• Comment 12/5/07: RA_me_please_IBM- It has been posted here before but I will say it again. I was part of the "resource action" in May. I was given the separation package and read through it very carefully. If you express any interest to your manager in being laid off you will forfeit any severance package that you might have otherwise been entitled to get. When I was RA'd, several of my colleagues said they wished it was them that got laid off and one even asked our manager if it could be him instead of me. I quickly advised him not to do bring it up again based on what I read in the sep package. Of course a lot depends on your relationship with your manager but it's better to be safe. BTW, if you are in any sort of technical support role, I have heard throught the grapevine that most, if not all, internal support roles will be replaced by contractors or outsourced next year. So, sit tight, do the minimum and maybe your wish will come true without having to jeapordize your severance package. -Anonymous-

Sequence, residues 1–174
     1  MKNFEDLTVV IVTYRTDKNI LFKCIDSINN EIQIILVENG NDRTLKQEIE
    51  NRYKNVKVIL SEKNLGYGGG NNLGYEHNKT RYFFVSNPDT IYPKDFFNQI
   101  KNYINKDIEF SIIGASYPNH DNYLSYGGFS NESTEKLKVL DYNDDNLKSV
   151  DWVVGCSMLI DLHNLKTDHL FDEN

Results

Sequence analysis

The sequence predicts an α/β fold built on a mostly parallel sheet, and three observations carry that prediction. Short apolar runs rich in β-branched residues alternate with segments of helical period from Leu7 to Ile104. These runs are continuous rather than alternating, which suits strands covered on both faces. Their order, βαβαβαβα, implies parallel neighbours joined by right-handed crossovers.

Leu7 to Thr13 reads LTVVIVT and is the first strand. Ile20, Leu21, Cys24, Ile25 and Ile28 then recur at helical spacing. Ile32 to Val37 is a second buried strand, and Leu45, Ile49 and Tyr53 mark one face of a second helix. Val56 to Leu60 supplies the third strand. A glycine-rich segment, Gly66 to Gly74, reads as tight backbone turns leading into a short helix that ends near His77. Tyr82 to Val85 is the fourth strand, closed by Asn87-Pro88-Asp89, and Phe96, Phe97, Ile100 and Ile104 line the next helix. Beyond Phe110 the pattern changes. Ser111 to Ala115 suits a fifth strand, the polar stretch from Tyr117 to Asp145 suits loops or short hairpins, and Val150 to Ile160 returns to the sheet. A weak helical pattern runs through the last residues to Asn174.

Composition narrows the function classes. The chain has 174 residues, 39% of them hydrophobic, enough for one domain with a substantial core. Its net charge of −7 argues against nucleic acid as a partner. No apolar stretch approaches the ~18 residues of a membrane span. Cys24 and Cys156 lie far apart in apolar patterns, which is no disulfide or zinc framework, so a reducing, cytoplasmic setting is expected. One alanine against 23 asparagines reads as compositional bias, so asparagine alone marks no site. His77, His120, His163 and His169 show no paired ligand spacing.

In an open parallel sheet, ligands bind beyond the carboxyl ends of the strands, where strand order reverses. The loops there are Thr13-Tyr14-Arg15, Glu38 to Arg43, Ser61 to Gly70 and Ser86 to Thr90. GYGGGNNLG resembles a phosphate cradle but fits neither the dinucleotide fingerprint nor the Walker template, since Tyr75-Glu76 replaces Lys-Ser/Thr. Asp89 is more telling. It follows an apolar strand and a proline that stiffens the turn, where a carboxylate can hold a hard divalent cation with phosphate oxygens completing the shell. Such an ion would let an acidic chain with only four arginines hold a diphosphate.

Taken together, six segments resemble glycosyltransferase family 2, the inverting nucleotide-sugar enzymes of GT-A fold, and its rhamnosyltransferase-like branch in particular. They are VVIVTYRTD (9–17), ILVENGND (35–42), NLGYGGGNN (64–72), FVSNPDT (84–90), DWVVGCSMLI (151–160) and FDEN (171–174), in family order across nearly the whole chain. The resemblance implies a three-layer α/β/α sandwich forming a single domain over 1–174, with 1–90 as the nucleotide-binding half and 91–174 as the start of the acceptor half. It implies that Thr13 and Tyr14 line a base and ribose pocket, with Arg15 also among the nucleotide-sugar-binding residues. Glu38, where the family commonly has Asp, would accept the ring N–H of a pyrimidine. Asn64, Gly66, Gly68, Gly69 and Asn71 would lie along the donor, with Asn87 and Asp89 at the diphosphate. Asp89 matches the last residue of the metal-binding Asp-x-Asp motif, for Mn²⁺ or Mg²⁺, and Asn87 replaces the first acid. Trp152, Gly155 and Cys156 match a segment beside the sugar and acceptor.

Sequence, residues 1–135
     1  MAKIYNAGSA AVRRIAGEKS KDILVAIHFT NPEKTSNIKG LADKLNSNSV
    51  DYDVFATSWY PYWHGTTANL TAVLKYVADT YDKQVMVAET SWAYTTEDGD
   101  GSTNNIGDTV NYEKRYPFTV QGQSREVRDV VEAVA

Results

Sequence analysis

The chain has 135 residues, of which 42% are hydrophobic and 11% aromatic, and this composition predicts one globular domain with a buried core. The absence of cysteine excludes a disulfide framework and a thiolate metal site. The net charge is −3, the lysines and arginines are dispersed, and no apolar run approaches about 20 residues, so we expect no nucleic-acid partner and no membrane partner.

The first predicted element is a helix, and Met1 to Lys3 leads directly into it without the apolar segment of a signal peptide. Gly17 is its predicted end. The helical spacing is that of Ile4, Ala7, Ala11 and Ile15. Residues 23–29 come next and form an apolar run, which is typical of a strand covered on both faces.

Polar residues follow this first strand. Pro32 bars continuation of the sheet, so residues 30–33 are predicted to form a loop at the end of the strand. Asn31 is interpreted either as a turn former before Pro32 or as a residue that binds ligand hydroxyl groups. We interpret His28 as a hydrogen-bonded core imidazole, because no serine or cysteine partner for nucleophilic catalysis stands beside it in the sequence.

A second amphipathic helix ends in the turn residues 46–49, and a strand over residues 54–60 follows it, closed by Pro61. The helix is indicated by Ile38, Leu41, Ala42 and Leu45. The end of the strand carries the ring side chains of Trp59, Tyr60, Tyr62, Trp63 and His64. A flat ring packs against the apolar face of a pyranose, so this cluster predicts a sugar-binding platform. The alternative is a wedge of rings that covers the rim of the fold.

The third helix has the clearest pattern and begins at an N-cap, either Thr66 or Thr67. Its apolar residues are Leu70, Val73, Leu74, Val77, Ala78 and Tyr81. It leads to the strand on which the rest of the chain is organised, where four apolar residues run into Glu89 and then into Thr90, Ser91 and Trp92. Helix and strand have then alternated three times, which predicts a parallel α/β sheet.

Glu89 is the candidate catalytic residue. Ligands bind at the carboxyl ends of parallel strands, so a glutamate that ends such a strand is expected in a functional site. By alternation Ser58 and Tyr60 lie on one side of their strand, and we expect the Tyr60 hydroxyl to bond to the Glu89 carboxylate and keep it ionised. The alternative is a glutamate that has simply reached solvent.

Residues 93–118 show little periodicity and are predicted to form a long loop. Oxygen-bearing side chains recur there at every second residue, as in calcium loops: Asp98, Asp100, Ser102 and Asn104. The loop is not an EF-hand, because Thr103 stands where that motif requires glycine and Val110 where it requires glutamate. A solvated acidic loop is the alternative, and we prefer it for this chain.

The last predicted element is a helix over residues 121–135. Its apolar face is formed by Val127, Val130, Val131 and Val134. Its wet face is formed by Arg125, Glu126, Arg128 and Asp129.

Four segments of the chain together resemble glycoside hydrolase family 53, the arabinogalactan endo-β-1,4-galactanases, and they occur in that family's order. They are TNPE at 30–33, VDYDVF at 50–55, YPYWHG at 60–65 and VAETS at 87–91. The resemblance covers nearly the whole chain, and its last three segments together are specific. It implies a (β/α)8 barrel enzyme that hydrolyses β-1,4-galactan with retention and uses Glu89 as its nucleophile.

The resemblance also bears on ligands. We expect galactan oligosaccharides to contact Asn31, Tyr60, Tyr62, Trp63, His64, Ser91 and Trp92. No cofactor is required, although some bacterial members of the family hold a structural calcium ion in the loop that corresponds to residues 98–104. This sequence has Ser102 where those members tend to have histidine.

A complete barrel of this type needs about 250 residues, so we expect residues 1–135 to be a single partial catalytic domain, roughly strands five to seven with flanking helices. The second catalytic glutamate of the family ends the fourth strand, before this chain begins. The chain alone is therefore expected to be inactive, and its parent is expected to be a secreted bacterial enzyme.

• Comment 12/5/07: TO; -RA_me_please_IBM- >>>> If you have to ask, you should have been laid off already. Simply do a half-azz job continuously. You will either get laid off or promoted. With the current poor management you never know which will happen. -gotta-go-go-go-
    • Comment 12/5/07: to: RA_me_please_IBM I was RA'd in the spring. To encourage my manager I asked him what future I saw in my job/career at IBM because I didn't see where I fit in. I was notified of my selection 3 weeks later. -RA'd bear-
    • Comment 12/5/07: Good article. My apologies to those who have read it already. http://www.baselinemag.com/article2/0,1540,2227222,00.asp 12/03/07: Clash of the Titans: HP vs. IBM-Who Wins? By Lawrence Walsh HP is on pace to crack the $100 billion mark, and put Big Blue in second place for good. -whatisthebestway-
    • Comment 12/5/07: To -whatisthebestway- That WAS a good article. Thank you. The only thing that would have made it better would be under the caption "Clash of the Titans," rather than two guys arm wrestling, they would have one guy ready to arm wrestle (HP), and the other guy standing to the side giving a lecture on the evolution of business models and the history of world corporations (Sam Palmisano). HP=Get it done right, and get it done right now. IBM=Let’s talk about on-demand processing and utility computing. What ever happened to Palmisano’s bet-the-company on-demand strategy anyway? Doh! -John-